The confluence of pandemic conditions and protests in cities and towns throughout the US and even in Europe in response to the murder of George Floyd has created a space of rupture in normal governance. Covid-19, a human-made disaster wrought of perverse nature-society relations, exacerbated and exposed the longstanding disaster of racialized capitalism, resulting in an eruption of festering societal wounds long ignored by governing bodies. The unprecedented groundswell of bottom up social action has pushed city governments as well as firms, universities, and other organizations to acknowledge how governance-as-usual embeds racialized injustice to create white privilege. The opening of possibilities creates space for researchers across the country to write to mayors regarding the myriad problems revealed by critical scholarship, and to make concrete recommendations to redress systemic racism in housing, transportation, business development, employment, education, and smart-city planning. Critical research revealing race-based blockages to opportunity signifies, however, that sector-specific recommendations can improve urban life, but alone do not address entrenched racism. Lack of progress regarding reparations at the federal scale suggest that the time may be ripe for reparations to Black Americans at the city scale. Indeed, city governments rose to counter Trump’s irresponsible approach to the pandemic; at this conjuncture, calls from researchers across the country could prompt a bottom up approach to reparations given lack of progress at the federal scale, as well as meaningful sector-specific changes.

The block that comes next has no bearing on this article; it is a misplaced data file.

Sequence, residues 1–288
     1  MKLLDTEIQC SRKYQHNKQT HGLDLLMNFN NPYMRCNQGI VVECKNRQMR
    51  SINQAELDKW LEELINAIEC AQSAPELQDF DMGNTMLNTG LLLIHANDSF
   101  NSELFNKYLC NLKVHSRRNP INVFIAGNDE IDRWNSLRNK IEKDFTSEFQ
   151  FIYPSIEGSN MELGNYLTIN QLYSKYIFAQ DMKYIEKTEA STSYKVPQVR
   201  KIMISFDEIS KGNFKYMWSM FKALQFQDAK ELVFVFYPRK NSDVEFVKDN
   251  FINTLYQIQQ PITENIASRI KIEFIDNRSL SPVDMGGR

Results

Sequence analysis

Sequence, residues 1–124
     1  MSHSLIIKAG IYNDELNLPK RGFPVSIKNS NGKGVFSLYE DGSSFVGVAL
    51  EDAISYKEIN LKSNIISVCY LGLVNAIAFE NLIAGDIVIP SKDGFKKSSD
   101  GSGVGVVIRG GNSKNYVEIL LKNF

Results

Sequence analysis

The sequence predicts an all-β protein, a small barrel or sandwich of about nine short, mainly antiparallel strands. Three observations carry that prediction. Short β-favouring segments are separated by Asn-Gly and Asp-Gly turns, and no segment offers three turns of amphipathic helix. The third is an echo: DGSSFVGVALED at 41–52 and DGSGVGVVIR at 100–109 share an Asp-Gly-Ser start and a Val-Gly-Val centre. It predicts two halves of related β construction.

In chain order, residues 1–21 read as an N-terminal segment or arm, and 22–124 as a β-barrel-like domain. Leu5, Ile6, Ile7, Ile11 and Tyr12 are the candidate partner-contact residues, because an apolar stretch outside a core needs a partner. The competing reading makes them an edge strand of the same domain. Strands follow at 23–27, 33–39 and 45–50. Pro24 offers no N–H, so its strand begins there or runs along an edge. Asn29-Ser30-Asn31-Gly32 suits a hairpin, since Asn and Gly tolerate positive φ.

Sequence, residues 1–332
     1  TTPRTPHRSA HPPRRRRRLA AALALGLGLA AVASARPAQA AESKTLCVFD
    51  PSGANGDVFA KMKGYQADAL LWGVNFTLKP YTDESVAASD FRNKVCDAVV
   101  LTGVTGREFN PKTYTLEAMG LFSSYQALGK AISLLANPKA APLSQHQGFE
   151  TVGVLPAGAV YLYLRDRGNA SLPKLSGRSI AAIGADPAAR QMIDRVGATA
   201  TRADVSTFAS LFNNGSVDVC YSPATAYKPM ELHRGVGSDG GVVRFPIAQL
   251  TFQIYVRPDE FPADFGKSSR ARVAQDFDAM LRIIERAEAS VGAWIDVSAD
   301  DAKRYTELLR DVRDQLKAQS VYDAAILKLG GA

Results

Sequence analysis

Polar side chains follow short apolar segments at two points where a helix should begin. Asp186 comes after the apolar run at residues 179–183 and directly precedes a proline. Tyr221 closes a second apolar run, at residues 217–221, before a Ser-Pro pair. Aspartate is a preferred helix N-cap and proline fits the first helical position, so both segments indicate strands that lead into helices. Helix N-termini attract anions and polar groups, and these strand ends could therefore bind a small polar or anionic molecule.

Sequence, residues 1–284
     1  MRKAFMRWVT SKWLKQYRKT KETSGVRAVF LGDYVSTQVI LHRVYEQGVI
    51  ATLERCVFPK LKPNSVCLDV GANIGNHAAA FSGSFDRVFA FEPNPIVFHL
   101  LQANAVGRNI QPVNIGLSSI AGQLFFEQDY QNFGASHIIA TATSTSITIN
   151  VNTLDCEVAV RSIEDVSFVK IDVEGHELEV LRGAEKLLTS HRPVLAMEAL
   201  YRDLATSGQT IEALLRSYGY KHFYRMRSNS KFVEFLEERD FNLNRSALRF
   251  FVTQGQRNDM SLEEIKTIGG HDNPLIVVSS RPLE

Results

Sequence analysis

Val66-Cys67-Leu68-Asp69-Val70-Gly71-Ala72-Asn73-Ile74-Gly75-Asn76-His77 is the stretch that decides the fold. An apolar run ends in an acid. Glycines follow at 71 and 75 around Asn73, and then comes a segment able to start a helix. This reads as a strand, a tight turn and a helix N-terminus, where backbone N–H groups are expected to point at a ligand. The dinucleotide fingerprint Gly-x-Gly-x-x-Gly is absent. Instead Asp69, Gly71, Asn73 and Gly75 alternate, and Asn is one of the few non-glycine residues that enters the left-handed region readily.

Nancy Ettlinger, Department of Geography, Ohio State University: https://geography.osu.edu/people/ettlinger.1
For more on Antipode’s “Conjunctural Insurrections” series – an experiment to amplify voices often unheard and invisibilised in politics, daily life, and academic discourse – see https://antipodeonline.org/2020/06/23/conjunctural-insurrections/